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Library / Identifying the Effect of Climate Variability on C...
Source: Canadian Journal of Development Studies, 2017
Author(s): Esteve Corbera, Carol Hunsberger, and Chayan Vaddhanaphuti
Topics: Climate Change, Conflict Causes, Livelihoods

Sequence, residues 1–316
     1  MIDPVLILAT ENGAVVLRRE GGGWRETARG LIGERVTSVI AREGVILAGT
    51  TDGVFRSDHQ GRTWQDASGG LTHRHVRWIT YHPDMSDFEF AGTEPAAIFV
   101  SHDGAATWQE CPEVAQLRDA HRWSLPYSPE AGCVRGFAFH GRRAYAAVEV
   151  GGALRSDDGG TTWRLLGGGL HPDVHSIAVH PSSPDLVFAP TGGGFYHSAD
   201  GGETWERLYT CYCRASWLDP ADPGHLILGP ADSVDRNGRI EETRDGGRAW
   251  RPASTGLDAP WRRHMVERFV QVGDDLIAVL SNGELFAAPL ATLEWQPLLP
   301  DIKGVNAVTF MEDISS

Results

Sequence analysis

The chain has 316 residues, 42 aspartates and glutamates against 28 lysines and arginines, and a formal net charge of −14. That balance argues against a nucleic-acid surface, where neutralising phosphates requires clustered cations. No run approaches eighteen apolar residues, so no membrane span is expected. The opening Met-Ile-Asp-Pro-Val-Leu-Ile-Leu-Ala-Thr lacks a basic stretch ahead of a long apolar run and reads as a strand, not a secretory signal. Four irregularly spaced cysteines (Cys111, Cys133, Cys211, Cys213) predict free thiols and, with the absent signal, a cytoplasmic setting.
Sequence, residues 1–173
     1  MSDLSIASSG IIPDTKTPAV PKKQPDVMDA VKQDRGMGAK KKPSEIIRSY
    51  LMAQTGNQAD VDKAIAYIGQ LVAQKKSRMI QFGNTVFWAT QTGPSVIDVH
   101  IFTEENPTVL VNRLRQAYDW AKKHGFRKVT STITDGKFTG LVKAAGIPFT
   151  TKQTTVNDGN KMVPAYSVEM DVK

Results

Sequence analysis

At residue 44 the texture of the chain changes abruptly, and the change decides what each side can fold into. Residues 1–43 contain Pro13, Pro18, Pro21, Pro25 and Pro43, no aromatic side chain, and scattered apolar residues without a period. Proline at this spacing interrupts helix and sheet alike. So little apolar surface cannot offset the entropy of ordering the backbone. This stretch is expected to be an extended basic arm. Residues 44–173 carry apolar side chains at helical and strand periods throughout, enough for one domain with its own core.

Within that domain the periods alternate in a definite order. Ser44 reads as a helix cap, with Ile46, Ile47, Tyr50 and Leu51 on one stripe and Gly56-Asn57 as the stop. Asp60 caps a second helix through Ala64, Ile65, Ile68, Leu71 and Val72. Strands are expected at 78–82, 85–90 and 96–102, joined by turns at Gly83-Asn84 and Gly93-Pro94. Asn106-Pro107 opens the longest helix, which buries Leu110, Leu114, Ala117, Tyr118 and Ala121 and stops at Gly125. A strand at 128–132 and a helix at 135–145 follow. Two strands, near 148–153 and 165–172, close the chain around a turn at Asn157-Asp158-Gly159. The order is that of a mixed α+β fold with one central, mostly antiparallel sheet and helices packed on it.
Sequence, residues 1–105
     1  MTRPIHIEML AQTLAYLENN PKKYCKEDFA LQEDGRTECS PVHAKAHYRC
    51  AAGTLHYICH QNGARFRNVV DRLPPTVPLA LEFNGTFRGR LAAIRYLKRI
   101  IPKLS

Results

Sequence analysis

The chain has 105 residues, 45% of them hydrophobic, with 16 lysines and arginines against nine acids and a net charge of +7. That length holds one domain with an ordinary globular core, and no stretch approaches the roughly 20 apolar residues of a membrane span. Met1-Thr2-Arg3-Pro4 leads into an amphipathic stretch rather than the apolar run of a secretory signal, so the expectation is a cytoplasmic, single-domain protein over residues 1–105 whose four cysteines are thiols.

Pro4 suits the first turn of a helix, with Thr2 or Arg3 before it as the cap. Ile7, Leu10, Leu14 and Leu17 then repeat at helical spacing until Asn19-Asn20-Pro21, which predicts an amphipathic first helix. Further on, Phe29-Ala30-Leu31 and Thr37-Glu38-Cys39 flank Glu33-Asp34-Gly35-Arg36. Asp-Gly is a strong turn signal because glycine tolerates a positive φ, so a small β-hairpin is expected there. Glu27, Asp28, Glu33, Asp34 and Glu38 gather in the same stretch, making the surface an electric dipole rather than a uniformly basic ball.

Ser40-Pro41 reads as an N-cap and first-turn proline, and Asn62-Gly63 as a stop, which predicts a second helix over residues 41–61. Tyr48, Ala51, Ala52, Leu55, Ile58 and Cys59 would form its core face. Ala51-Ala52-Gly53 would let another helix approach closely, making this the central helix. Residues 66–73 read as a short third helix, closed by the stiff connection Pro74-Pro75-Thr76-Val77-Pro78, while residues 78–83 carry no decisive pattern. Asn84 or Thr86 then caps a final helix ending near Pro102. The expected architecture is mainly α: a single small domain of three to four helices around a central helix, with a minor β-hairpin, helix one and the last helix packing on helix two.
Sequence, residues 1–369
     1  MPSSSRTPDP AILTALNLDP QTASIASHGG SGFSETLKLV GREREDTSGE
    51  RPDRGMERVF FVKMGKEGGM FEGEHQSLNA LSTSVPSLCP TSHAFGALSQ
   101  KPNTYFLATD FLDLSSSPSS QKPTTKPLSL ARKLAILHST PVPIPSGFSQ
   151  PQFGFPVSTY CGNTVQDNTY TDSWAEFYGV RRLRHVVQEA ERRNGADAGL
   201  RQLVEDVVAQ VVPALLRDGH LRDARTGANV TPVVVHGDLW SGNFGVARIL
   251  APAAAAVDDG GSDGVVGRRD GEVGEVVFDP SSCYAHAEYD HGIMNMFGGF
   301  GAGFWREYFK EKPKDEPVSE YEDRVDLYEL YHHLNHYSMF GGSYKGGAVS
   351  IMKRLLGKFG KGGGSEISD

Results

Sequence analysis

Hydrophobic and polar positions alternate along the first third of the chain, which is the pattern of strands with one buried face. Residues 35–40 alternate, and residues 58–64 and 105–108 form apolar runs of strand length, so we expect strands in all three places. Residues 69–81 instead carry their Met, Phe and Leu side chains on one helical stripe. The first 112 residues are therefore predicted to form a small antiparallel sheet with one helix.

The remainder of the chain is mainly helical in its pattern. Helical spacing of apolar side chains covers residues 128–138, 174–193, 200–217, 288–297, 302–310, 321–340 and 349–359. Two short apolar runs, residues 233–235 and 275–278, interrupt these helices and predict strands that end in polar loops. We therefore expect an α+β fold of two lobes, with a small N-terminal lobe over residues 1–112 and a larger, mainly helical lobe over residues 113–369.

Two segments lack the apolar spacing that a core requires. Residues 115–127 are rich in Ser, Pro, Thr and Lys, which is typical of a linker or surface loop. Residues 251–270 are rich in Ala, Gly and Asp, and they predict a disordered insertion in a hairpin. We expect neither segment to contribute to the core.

In recent years, the focus of quantitative climate-conflict research has shifted from studying civil wars to studying different types of conflicts, particularly non-state and communal conflicts, based on the argument that these local-level conflicts are a more likely consequence of climate variability than civil war. However, the findings from previous research do not paint a consistent picture of the relationship between climate and communal conflict. We posit that a research design treating the climate variable as randomized is a better and more convincing strategy for estimating the relationship between climate variability and communal conflict compared to the conventional control method to account for confounders. In this paper, we ask two questions: (1) what type of research design allows us to treat climate variability as randomized and (2) what can we say about the relationship between climate variability and communal violence using this new design? To answer these questions, we analyze six large subnational areas, at a monthly time scale, and calculate the standardized precipitation index for each area for each month. We find that both short, unusually dry intervals and long, unusually wet intervals increase the likelihood of a communal conflict event.